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Inflation, Stagflation, and Your Retirement

David Hicks

Turn on any newscast or click on any business or financial story lately and you’ll hear a lot about inflation 

Most of us know it as the decline of purchasing power.  

The cost of most things rises over time.  

Think about how many gallons of gas you could buy for $20 in 1999 (the answer is about 20 gallons). Now, consider how many gallons that same $20 will buy you right now (and try not to weep!).  

But what about inflation’s cousin, stagflation? 

What is Stagflation?  

Stagflation is a clever combination of two words: “stagnant” and “inflation.”  

The term refers to a condition in which an economy has inflation, slow (or stagnant) economic growth, and a high joblessness rate.  

An economy that has a high unemployment rate coupled with a gross domestic product (or total economic output) of either 1% or -1% is in the throes of stagflation.  

This measure is tracked by the grim-sounding Misery Index.  

What Steps Could Help Protect Your Portfolio? 

So, what approaches do investors use to help protect their portfolios against the harmful effects of each of these economic phenomena? 

Inflation: When prices are rising, investors tend to put their assets in high-growth stocks, gold, and U.S. Treasury inflation-protected securities (TIPS).  

These investments offer potential returns that exceed the inflation rate. 

Stagflation: As during times of inflation, many investors seek to put their money in riskier assets (like high-growth stocks and even some commodities) during times of stagflation and tend to avoid corporate and U.S. government bonds, whose interest rates won’t keep up with the inflation rate.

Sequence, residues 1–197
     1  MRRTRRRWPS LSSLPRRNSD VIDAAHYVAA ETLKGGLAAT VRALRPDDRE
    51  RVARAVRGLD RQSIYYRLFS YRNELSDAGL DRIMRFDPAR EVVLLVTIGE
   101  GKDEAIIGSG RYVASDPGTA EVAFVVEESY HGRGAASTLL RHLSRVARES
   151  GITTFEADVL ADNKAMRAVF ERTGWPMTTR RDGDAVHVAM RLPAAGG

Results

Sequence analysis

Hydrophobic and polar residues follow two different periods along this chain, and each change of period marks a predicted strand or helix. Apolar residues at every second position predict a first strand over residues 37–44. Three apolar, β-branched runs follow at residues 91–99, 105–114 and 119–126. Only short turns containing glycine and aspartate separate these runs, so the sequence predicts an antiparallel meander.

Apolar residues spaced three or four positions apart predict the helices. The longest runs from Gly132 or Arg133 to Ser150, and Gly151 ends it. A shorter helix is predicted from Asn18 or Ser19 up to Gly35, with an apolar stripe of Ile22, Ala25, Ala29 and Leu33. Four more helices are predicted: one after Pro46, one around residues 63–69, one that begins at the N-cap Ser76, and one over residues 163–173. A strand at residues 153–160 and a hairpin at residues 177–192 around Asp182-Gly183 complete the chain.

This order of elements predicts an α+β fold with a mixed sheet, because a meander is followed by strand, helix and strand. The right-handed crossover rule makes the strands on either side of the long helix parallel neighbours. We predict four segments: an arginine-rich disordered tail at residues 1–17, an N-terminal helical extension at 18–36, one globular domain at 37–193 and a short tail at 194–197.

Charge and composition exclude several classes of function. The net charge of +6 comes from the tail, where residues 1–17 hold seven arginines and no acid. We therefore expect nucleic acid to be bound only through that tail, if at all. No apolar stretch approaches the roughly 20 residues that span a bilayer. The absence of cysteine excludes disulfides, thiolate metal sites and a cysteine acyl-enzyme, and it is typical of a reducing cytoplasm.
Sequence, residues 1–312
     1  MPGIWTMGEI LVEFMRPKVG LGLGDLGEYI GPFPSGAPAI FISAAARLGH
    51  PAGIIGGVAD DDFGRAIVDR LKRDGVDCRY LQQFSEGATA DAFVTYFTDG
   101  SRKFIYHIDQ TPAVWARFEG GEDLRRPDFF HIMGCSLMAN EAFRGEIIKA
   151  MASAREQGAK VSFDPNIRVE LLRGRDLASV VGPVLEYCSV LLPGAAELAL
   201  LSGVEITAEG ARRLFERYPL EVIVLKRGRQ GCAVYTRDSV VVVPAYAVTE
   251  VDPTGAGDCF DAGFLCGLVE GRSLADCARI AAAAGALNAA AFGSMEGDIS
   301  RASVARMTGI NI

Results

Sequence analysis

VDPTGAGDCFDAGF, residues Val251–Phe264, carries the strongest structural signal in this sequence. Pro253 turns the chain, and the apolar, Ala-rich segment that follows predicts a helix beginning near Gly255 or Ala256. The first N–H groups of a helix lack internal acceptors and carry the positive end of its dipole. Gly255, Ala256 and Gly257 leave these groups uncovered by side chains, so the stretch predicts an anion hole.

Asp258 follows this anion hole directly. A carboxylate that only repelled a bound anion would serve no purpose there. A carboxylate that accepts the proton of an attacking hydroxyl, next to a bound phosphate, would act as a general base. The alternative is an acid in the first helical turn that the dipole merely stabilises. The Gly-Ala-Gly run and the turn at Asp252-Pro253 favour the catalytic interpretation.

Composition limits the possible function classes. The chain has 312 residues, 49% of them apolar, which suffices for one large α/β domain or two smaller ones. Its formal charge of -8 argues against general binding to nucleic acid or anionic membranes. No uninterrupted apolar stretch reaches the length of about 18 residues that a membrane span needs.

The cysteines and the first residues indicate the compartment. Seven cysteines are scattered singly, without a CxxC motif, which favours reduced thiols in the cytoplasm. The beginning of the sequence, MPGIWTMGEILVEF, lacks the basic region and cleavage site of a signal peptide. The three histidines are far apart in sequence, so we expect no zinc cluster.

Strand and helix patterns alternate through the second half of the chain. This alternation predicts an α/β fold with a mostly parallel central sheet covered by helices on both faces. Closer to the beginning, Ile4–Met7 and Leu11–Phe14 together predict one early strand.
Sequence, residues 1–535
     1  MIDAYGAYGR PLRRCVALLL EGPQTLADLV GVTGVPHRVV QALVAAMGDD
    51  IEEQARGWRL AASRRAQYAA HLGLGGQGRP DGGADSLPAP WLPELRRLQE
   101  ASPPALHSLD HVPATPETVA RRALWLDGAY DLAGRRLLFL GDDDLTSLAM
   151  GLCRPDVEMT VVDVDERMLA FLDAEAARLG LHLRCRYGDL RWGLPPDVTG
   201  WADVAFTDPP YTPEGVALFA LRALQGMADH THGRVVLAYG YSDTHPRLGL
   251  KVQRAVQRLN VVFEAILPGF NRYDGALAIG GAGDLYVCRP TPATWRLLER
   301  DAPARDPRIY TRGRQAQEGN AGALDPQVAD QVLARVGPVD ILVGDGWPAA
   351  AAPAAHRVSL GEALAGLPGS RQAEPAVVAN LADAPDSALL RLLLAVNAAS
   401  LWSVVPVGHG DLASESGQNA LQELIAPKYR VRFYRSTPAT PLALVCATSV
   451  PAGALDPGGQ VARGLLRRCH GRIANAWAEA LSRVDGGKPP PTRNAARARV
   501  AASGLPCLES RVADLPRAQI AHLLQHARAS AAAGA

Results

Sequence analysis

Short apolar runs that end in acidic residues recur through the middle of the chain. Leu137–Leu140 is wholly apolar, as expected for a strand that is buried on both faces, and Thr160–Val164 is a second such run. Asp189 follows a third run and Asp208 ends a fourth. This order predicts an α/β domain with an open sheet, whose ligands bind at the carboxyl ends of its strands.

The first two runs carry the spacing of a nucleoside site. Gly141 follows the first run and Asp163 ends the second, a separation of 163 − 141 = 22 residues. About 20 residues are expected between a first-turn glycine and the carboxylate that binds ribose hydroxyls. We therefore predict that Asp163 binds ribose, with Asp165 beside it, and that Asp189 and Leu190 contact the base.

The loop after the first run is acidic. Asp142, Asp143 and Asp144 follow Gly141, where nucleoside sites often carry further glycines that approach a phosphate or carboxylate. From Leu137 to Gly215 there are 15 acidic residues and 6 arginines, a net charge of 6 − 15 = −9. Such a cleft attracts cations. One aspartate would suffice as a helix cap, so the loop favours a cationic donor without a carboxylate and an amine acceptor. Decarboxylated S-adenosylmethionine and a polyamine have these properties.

Foreign bonds may be another attractive option.  

What About Deflation?  

Deflation is basically the opposite of inflation.  

Instead of the rising prices associated with the latter term, deflation indicates a decrease in the prices of goods and services.  

While deflation may seem positive, especially after periods of high inflation or stagflation, it’s often a sign of an unhealthy economy. 

Deflation is commonly associated with recessions, decreased consumer spending, and even increase unemployment. 

Some commonly used hedges against deflation include high-quality corporate bonds, stocks of companies in defensive sectors (such as health care and utilities), and stocks that pay regular dividends.  

Cash is another option in a deflationary environment. 

Get Professional Assistance to Help Protect Your Portfolio 

Currently, inflation seems to be high and stagflation possible, but deflation is unlikely in the near future. 

However, economic conditions could change quickly. 

Partnering with a professional advisor to create a long-term financial plan will help you be better positioned for shifting conditions while giving you a trusted partner to rely on when it’s time to make changes. 

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